Pomegranate is a ruby red fruit with a sweet and tangy flavor. Delicious raw, the tiny seeds inside the fruit have a delicate crunch. Pomegranate complements many foods while adding color and pizzazz to your recipes. This article will discuss cutting, storage, and present many uses of pomegranate.
Purchase pomegranate in your local market. They are usually found in the produce department already ripened during winter months in the USA. Look for a fruit with bright color and no obvious bruises. The heavier fruits will have more juice. Pomegranates keep for several weeks on your counter or two months seeded and refrigerated in an airtight container. Freeze seeds for up to 3 months.
Cut your pomegranate in half slowly to prevent splatter. The juice may stain light colored clothing or some work surfaces. Wipe up spills immediately.
Cut the halves into thirds. This will make it easy to get to the seeds.
Bend the wedge backwards holding the skin. This makes it easy to find the seeds hidden in the pockets of the membrane. Roll the seeds into a dish with your fingers. Discard or compost the membrane and skin.
Pack seeds and a spoon for a delicious lunchbox treat. Pack in a snack size zipper bag for a backpack or trail food.
Add pomegranate seeds to your salad. The seeds taste delightful with lettuce or mixed in a fruit bowl.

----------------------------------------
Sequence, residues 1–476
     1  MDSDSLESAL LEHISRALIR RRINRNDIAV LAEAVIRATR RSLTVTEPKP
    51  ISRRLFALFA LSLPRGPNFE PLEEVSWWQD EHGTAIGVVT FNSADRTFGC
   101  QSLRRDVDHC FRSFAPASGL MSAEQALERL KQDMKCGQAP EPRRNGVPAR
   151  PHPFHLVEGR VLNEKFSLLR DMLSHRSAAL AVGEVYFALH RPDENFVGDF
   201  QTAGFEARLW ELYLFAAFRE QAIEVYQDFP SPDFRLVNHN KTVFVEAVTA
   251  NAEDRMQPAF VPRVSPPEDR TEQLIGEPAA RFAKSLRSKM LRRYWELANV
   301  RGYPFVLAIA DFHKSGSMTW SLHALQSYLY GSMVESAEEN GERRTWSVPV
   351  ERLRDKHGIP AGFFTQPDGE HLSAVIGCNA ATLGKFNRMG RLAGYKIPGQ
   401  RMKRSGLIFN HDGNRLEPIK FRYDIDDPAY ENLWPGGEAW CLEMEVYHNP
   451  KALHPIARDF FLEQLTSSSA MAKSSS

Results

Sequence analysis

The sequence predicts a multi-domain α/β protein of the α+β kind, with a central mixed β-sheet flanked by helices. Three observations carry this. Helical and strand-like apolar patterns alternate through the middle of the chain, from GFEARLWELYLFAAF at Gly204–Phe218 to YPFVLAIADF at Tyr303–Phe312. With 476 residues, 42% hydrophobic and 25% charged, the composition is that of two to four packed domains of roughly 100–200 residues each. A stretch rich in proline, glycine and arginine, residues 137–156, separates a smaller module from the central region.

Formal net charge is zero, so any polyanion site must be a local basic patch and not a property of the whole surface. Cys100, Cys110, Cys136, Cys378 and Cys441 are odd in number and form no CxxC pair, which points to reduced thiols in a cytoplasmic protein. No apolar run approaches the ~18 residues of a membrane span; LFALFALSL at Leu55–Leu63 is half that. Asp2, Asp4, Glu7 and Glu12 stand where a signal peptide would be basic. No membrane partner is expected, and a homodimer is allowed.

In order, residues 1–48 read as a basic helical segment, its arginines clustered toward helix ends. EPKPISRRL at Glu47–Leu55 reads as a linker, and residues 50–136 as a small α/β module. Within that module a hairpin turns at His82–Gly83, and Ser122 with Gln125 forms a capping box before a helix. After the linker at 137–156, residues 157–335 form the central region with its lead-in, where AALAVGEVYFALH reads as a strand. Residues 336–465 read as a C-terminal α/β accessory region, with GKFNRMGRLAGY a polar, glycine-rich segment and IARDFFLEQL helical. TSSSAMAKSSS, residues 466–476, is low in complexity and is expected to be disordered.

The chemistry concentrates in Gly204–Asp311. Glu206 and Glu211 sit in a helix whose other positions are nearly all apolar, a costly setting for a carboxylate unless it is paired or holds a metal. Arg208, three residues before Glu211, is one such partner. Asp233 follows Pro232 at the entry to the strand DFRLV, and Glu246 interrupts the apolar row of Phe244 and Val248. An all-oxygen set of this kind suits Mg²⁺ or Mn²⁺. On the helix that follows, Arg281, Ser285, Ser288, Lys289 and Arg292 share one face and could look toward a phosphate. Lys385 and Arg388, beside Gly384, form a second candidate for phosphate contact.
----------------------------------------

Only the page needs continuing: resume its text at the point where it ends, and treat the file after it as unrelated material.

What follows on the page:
Sprinkle on top of applesauce, ice cream, or yogurt.
Mix into batters or rice dishes.
Sprinkle on your cereal, pancakes, or waffles. Yum.
Toss pomegranate seeds into cooked stuffing. Combine with jelly to make fruit chutney for poultry or pork.
Decorate a frosted muffin or cake with little ruby jewels.
Fold pomegranate into guacamole. The nutty crunch and tang of the fruit are a wonderful complement to the creamy avocado and spices.
Add to eggs or omelets.
Make pomegranate juice by placing the seeds in a zip lock bag. Crush the seeds with a rolling pin or heavy can. Cut a small hole on a bottom corner and pour the juice into your glass. The inner seeds will be trapped in the bag. Alternately, blend in a food processor and filter through a coffee filter or cloth. Use pomegranate juice for drinking, sauces, smoothies, or as light splash on ice cream and fruit.
Use drops of pomegranate juice as a natural food coloring in frosting or homemade play-doh if your child is allergic to artificial dye. The seeds create a pretty purplish/red.
Seeds from one medium pomegranate contain 105 calories, 26 carbs, 3% RDA iron, 17% RDA vitamin C, and 7% RDA potassium. (superfruits.org)
Some folks recommend de-seeding the pomegranate in a dish of water to prevent splatter. Some juice will be lost this way.